In 2006, Sami Kay Seeb, then a graduate student at East Carolina University, wrote “Cape Fear’s Forgotten Fleet: The Eagles Island Ships’ Graveyard” for her master’s thesis. It is extraordinarily well-researched and well-written and includes dozens of photos of wreck sites. Seeb ties the various wrecks to different periods in Eagles Island’s commercial history. Her work formed the basis of the Eagles Island Nature Park vision book, which reimagines the island with conservation, education, and recreation features.

Efforts to conserve Eagles Island have been ongoing since 2001 in various forms. The conservation initiatives began with the donation of a 52-acre tract to the New Hanover Soil & Water Conservation District. Following an environmental assessment that revealed the island’s significant ecological value, momentum grew to preserve Eagles Island as a natural area. Additional land was acquired through private donations and various funding sources. In order to describe the existing conditions on the island, the Land Management Group and Environmental Sciences, Inc. collaborated to compile existing ecological and historical research and conduct biological surveys. The resulting report, “Eagles Island: A History of a Landscape,” was published in 2011 and remains the most comprehensive source of information on Eagles Island.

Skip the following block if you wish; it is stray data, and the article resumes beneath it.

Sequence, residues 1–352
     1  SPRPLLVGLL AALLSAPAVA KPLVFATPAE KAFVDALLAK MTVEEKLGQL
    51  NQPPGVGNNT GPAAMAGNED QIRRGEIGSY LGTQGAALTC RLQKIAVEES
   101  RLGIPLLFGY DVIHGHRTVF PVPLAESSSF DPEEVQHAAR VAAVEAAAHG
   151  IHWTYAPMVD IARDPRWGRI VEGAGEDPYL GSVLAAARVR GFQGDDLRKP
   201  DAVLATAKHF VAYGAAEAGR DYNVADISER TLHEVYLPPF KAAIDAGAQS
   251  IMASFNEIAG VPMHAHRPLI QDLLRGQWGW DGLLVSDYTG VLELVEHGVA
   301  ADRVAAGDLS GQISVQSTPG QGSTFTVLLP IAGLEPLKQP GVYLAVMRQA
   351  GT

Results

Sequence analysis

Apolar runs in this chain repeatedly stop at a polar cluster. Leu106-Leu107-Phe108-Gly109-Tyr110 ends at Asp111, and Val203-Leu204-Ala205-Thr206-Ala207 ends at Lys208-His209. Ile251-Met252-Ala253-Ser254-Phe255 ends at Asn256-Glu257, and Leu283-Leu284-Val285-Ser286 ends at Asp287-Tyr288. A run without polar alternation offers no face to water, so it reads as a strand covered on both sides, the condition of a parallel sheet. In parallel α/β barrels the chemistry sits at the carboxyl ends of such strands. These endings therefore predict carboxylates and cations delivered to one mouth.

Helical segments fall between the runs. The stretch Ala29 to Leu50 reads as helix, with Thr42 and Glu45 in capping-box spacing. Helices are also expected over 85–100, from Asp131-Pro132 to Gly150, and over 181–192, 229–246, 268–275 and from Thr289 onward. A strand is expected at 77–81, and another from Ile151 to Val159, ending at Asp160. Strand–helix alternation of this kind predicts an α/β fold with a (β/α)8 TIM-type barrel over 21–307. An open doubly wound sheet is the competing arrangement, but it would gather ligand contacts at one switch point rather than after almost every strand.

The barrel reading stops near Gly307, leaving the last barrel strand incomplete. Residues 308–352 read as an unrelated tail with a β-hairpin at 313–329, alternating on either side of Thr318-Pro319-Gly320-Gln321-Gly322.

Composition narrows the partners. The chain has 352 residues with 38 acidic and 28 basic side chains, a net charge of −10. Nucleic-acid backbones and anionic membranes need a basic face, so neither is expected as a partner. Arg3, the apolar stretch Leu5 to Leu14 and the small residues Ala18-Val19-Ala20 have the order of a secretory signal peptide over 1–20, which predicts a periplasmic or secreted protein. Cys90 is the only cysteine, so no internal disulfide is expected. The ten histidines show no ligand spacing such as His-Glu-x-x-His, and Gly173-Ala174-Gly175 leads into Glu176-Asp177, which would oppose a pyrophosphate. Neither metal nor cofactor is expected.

In June and July of 1983, the Underwater Archaeology Unit of the North Carolina Division of Archives and History spent two weeks documenting wrecked and abandoned vessels in the Wilmington Harbor. The resulting report, “Underwater Archaeological Sites in the Wilmington Historic District,” identified 37 shipwreck sites – 34 along the shoreline of Eagles Island, and three adjacent to the Wilmington waterfront. These sites represent a variety of vessels used on the Cape Fear River from the mid-nineteenth to the early twentieth century. The riverboats, tugboats, ferries, and barges, as a class of workboats, made significant contributions to the development and expansion of Wilmington.

In the fall of 1991, a group of eighth graders, led by teacher Charles Barker from the Pender County Academic Enrichment Program, and underwater archaeologists Richard Triebe and Mark Wilde-Ramsin from Fort Fisher, began an archaeological study to determine the identity of a wreck on Eagles Island. All that remained were the wooden ribs protruding from the mud on the shoreline near the Cape Fear Memorial Bridge. The team accomplished what previous research studies hadn’t: they identified the remains as the steamship Waccamaw. Further research by the students discovered that the Waccamaw began life in 1891 as the ferryboat Nuestra Señora de Regla, built to operate in Havana Harbor in Cuba. The details of how it came to rest in the mud flat on Eagles Island make for a fascinating story.